Another response to The Indian-Oz Connection. The correspondent begins by citing my quotation from Baum's American Fairy Tales:
>> The site's quotation from AMERICAN FAIRY TALES is also a stretch since the point of Baum's joke is that the robbers don't know anything about America but stereotypes. <<
Yes. And Mark Twain, Baum's contemporary, used racist stereotypes in Huck Finn while attacking slavery. That's because people weren't quite clear on the racial messages they were sending then. Many hadn't sorted out the morality of the issue. They were fairly sure slavery and genocide were wrong, but not that blacks and Indians were literally equal to whites.
FYI, the way to contradict racist stereotypes isn't to repeat them. To have characters laugh over such stereotypes without an authorial correction. Where in American Fairy Tales does Baum tell the reader that the stereotypes are false? Because the readers wouldn't have believed they were false without an editorial comment (and probably not even then).
To the extent we can understand Baum's point, I think I understand it. I commented on the uncertainty of his intent myself. I've commented on that since my first posting, when I questioned whether Baum was "beloved or bigoted." On my site I quoted Robert W. Venables of Cornell University's American Indian Program, who wrote that Baum's editorials "at points are curiously ambivalent."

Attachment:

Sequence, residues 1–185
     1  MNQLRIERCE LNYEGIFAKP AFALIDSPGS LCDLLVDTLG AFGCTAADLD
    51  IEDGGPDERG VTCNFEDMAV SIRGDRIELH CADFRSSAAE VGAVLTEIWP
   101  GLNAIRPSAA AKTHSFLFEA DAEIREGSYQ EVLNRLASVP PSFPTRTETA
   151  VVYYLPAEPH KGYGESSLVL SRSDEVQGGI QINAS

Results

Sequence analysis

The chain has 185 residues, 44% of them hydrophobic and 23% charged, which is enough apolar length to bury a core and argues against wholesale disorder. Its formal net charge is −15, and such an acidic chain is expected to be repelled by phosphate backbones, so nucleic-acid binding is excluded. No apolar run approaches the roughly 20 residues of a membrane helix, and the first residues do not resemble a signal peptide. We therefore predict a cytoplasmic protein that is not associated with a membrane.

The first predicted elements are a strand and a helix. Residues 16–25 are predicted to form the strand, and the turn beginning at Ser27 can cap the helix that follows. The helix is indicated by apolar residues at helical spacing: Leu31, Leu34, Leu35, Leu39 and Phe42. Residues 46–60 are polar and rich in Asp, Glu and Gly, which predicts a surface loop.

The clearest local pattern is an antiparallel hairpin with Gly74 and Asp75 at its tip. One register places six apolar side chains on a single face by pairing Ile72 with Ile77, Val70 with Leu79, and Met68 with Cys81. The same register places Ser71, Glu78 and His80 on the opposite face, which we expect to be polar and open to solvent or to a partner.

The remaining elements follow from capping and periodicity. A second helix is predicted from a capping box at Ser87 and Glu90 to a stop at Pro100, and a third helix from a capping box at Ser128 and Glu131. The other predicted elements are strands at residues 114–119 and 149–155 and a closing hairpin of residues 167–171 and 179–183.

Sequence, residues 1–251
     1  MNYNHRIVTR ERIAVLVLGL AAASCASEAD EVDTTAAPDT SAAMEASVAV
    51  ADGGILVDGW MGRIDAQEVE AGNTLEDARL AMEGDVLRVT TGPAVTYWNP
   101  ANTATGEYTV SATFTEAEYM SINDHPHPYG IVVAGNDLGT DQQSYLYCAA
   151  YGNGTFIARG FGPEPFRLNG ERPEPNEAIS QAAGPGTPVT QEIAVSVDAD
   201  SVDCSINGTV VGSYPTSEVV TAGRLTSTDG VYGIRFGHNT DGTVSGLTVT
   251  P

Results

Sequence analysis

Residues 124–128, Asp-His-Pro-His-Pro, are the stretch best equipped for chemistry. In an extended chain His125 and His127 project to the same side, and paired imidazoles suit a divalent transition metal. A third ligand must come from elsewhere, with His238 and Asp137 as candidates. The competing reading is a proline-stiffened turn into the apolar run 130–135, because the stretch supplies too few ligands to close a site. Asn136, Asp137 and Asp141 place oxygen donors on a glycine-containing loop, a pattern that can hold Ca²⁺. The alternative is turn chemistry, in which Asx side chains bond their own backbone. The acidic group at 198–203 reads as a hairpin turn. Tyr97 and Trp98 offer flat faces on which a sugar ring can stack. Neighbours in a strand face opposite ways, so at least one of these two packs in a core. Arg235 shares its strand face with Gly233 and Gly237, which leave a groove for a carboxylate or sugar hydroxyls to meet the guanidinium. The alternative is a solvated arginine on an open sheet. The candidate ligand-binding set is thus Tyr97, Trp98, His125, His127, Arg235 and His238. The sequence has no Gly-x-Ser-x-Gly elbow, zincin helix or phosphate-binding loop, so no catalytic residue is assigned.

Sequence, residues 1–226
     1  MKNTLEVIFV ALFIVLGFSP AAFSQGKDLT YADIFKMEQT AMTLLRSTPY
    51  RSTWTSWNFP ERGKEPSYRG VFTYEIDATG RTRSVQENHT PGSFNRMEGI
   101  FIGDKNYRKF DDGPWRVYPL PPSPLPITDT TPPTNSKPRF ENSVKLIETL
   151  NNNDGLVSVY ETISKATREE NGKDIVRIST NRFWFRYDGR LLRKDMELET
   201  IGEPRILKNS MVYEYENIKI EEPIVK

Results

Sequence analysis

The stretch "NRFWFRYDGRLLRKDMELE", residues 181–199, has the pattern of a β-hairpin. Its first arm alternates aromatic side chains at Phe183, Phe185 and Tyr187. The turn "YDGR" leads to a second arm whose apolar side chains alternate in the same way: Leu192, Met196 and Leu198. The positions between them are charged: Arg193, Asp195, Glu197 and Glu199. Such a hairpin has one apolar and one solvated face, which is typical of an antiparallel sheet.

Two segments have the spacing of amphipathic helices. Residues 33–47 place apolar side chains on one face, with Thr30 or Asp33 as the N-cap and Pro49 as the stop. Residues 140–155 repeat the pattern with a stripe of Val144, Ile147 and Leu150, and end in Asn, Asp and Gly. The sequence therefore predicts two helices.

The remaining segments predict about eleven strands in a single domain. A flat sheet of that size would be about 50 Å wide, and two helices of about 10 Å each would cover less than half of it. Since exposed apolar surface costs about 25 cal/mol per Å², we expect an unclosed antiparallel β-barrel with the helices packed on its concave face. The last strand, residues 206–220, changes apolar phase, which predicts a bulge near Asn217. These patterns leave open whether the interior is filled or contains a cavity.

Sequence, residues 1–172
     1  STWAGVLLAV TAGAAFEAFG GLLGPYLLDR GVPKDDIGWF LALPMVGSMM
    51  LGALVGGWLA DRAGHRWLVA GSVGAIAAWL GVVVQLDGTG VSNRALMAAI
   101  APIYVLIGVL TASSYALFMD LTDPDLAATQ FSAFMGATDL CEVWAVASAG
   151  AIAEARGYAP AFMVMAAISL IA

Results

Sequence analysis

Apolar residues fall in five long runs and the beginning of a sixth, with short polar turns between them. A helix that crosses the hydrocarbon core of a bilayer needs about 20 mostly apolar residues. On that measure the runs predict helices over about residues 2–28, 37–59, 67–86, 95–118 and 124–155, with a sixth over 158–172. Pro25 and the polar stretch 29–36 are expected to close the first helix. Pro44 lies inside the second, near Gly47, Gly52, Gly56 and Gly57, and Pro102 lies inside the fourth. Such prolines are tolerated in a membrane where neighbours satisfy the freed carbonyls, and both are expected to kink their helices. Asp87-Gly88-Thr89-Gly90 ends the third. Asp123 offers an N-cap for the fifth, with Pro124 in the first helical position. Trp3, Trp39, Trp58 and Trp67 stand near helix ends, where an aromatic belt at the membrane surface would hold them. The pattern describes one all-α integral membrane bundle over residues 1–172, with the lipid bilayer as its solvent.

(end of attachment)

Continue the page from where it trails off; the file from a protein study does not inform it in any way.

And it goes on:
So yes...pretty much everyone gets that Baum wasn't a sheet-wearing, cross-burning racist. The question is whether everyone gets that he wasn't a flawless defender of multiracial harmony. Venables and I get it. Do you?
>> But the best response might be to set up a friendly dialogue with the site's creator and share some of those other texts. <<
When I have a moment, I'll be glad to look at the texts that contradict the texts I've cited. I hope they're more persuasive than "The Enchanted Buffalo" was. Because that wasn't persuasive at all.
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